• To be in love with someone means to connect emotionally, physically, spiritually and intellectually. When you lose any one of those connections and your partner transfers that intimacy to another person then I believe the relationship is in trouble. You’re right Jade, emotional betrayal is just as damaging as “shagging around”.

  • The lovers circle can be a difficult road to navigate. Some people have different sex drives and require affection more than others and it leads to seeking a physical and emotional outlet.

    I’m not going to judge anyone who cheats in a relationship. I do readings for women and men who require more in their relationships and try to share this with their partners to find it falls on deaf ears.

    Although I haven’t cheated in a relationship I can appreciate there are many reasons people need to feel connected.

    I’m grateful you shared your story with us all.

    Love and Light

    Vine

    • Thanks for your comment Vine.

      I wonder if it’s true that some people require more affection than others? I believe a deep sacred sexual experience is one of the most important things in life. There are many reasons why some people don’t want/need or feel like they deserve sex (what we call low sex drive) but I suspect it is more to do with social conditioning, trauma or being with the wrong person. That’s a whole different topic for another day perhaps 🙂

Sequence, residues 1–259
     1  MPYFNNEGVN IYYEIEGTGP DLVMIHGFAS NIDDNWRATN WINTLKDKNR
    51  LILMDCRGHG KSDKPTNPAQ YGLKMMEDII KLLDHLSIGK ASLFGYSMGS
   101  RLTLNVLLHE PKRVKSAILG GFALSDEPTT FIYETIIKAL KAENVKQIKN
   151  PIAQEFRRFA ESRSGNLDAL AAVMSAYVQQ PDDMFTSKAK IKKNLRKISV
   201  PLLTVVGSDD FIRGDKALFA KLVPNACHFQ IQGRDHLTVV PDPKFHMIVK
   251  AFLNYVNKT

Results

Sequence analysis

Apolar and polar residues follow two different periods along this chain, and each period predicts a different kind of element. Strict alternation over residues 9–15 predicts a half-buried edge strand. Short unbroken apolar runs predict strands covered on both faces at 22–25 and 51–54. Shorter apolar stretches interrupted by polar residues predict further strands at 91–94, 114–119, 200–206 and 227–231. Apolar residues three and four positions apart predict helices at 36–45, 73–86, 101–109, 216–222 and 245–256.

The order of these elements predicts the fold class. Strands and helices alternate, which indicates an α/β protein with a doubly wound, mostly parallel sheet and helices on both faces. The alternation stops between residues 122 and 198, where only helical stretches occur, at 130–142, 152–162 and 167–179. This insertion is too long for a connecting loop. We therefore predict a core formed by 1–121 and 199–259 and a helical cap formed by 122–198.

I applaud you for working with people and helping them to speak their truth. Your gift is important.

      K

  • I do not believe the theory of once a cheat, always a cheat. Otherwise my marriage is all but over and we might as well quit now.

    I was also married to a man who had no real interest in me. Our wedding day was the last time we slept together, then we managed to eek out another 3 years of trying to make it work. I wasn’t pretty enough for him, tall enough, thin enough, long haired enough, anything enough really.

    So when I started having feelings for a co-worker, I knew I was in trouble. The feelings that were stirred with his looks, his comments about me, his touches and his desire to spend time with me were powerful and from that first flutter, the writing was on the wall.

    It was 2 years before we actually slept together but I remember feeling no guilt. I did know that I would tell my husband straight away though. His reaction? “Why did it have to be someone who isn’t white?” That told me all I needed to know.

    It wasn’t long after our marriage was over when I met the most amazing man. A man who made me completely forget any who had gone before. A man who, in 7 years, has never once stopped telling me and showing me how much he loves and desires me. I feel like the sexiest, most beautiful women in the world with him. There is no doubt about our commitment to each other and every aspect of our marriage is intimate, deep and so rich with love.

    With a marriage this good, I have absolutely NO reason to ever need the attention of another. I totally agree with you, women don’t stray for variety, we stray to find love and appreciation. As long as it’s right there for us to enjoy, there’s no need to look elsewhere.

    • Thank you for sharing your story Rachael which echoes my own.

      I agree, once you discover the joy of deep intimate love then, as you say, it makes you forget everything that’s gone before.

      I am so happy you’re loved and desired now — every woman deserves this kind of joy in her life ♥